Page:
March 03, 2006
|Matthew Simmons: Outlook For 2006||Peak Oil|
World Oil, one of the two major oil industry trade journals, each year asks Matthew Simmons to write a column giving his outlook for the coming year in oil. Simmons is head of the oil industry's largest investment bank and author of Twilight in the Desert. He's also an outspoken proponent of the view that world oil production is peaking.
Here's an extended excerpt from his outlook for 2006:
Had deepwater oil not come of age in the last decade, conventional oil would have passed peak output. Even as deepwater drilling created several million bpd of added oil, non-OPEC supply outside the FSU has struggled for half a decade to stay flat, and now seems clearly in decline. The North Sea is in steep decline, and Mexico, China, Argentina, Oman, Syria, Egypt, Yemen and Colombia seem to be experiencing irreversible declines.
Non-conventional oil from Canada's oil sands and Venezuela's Orinoco region makes up about half of both producers' output. Non-conventional oil is now commercial, but it remains extremely energy-intensive to turn into usable form. Most new oil found globally is either heavy or sour, or both. What seems to have passed peak supply is light, sweet oil — the easiest oil to produce and the simplest to refine into light, finished product.
Until 2005, OPEC had risen to the occasion and supplied constant surges in unexpected demand. Now it is clear — for anyone closely studying OPEC production announcements and other data on the true status of OPEC oil output — that the countries comprising OPEC membership are all producing at maximum levels. Over a dozen giant oilfield upgrades are underway throughout OPEC, but few will add significant new supplies before 2009.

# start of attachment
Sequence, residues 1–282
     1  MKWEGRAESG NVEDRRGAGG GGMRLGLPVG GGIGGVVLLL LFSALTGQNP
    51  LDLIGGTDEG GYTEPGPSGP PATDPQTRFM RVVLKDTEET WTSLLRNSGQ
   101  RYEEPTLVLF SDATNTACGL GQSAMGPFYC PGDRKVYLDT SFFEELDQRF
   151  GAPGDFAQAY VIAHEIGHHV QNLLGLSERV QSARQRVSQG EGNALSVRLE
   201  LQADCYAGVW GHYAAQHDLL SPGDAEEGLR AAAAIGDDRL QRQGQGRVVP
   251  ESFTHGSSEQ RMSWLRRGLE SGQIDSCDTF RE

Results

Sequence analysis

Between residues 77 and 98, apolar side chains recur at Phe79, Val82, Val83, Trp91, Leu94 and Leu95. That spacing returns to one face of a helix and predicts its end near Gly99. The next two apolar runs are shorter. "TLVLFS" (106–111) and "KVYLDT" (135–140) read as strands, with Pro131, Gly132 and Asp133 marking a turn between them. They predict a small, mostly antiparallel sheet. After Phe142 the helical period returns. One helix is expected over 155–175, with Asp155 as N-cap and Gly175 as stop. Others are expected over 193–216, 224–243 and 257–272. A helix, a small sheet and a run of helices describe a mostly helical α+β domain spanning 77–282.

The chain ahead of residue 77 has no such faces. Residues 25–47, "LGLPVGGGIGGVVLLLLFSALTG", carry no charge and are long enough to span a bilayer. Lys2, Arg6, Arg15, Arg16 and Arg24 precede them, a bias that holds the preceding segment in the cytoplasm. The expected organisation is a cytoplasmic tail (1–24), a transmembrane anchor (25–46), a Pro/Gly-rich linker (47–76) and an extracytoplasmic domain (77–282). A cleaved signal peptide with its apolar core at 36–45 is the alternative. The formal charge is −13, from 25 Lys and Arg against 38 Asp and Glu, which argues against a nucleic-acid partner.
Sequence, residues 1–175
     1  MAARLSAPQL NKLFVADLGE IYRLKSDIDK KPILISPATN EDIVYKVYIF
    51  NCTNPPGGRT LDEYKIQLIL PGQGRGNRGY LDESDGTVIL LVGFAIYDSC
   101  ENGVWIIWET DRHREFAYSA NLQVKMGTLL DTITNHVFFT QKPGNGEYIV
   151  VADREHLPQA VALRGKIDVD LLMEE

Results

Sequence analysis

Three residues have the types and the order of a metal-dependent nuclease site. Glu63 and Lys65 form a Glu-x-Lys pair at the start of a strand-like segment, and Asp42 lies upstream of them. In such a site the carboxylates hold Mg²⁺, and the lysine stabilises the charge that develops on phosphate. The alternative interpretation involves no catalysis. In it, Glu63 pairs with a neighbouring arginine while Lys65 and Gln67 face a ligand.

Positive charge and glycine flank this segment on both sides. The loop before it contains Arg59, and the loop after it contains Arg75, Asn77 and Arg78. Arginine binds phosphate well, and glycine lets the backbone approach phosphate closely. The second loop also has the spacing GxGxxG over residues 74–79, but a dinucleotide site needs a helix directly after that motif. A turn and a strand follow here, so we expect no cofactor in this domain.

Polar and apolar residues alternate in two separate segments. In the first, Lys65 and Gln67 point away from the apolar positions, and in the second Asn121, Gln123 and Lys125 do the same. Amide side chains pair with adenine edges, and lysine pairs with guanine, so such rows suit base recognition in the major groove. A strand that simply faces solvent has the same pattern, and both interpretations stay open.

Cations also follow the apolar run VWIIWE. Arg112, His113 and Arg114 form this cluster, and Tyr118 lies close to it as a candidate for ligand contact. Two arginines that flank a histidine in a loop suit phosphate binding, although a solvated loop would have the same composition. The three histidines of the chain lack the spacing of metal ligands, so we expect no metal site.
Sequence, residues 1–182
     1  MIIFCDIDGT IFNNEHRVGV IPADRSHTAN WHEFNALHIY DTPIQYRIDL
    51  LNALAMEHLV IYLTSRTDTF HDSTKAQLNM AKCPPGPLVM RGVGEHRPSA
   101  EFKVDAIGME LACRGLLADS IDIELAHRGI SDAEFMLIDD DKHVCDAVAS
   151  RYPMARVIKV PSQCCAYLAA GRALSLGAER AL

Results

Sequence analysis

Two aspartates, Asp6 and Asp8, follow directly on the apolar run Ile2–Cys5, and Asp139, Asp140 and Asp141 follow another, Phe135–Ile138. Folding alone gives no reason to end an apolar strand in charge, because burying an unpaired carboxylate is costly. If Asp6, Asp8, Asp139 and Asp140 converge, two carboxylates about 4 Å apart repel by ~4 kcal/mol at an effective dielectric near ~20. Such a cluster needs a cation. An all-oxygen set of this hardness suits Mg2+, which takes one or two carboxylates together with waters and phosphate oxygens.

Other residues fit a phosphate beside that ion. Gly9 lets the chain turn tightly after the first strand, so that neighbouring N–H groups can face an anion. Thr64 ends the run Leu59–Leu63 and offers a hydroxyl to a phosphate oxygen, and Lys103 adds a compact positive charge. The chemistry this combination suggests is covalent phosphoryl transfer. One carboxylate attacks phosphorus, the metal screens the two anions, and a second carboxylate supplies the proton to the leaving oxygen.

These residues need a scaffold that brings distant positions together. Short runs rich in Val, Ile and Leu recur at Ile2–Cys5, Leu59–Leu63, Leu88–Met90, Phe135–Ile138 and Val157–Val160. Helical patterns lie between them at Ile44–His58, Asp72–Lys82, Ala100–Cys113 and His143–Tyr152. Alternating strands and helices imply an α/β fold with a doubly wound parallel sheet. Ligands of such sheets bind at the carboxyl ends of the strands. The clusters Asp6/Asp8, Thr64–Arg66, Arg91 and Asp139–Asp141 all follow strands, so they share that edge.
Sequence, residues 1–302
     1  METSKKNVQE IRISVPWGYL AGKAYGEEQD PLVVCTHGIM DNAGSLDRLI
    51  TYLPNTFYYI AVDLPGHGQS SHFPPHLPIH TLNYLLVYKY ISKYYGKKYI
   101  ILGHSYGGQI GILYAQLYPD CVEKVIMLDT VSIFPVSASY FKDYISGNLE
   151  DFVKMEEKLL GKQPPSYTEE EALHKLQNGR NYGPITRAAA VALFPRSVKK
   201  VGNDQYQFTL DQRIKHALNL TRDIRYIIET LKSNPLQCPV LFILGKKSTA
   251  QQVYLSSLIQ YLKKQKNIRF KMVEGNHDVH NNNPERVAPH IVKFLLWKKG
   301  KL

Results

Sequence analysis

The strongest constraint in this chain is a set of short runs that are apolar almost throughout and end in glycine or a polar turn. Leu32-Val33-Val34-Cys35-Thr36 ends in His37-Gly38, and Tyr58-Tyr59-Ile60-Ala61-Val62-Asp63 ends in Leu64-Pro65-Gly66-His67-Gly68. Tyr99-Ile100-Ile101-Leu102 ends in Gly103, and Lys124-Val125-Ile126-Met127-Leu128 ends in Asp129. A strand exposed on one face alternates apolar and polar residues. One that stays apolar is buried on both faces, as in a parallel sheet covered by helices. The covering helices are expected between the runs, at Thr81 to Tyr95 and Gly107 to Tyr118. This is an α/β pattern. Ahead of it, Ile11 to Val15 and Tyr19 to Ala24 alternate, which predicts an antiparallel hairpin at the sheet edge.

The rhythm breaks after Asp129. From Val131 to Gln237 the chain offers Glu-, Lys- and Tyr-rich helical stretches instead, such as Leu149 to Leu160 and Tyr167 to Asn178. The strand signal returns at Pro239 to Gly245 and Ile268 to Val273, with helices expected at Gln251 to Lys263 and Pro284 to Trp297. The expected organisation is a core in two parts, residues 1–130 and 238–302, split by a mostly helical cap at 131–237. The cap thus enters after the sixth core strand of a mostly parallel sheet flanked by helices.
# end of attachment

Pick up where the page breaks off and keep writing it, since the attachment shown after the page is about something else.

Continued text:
Moreover, all these "new" projects are complex oil fields that were found years ago and lacked the ingredients to be key producing fields. Some of these projects' performance risks are high enough that nobody should assume that they will happen on schedule, on budget or at projected output targets.
The global lack of spare capacity now extends far beyond wellhead capabilities. By late summer 2005, every capable drilling rig in the world was in use...The backlog of planned, new wells that awaits an available rig is growing monthly. In the offshore market, the rig deficit by the start of 2005 was about 250 drilling months before Hurricanes Katrina and Rita took another 20 rigs out of commission; some permanently, some for just a matter of months. The resultant offshore drilling deficit compared to planned activities might now exceed 400 to 500 drilling months. Every key oil pipeline and processing facility is also at 100% capacity, as is global refining capacity. The oil system has never been so tight.
Also, 2005 will go down in history books as perhaps the poorest year for exploration success for both oil and gas since World War II. This dismal success was not for lack of effort. Record amounts of funds are being plowed into E&P [exploration & production] capital spending, which is why all the world's rigs are now in use. [...]
For oil markets, 2006 will be challenging, unless global economies quickly enter a steep recession. This is about the only event that will moderate demand growth before it outpaces supply. Already, some markets show signs of little demand growth, not because demand is low, but due to the physical limit of oil use having to stay within supply limits. One big "head fake" of 2006 will be when apparent demand seems stalled by lack of demand instead of lack of supply. The two are extremely different events, and hard to judge by a quick glance at weekly changes in EIA's oil inventory reports.
As the rig shortage worsens and rates rise to dramatic levels, many newly planned projects will not materialize. There will also be a slowdown in deepwater exploration wells or drilling of necessary deepwater development wells. Rigs are insufficient for both to happen. The lack of rigs is also an easy proxy for all other key services needed to drill and complete complex wells that comprise most new projects.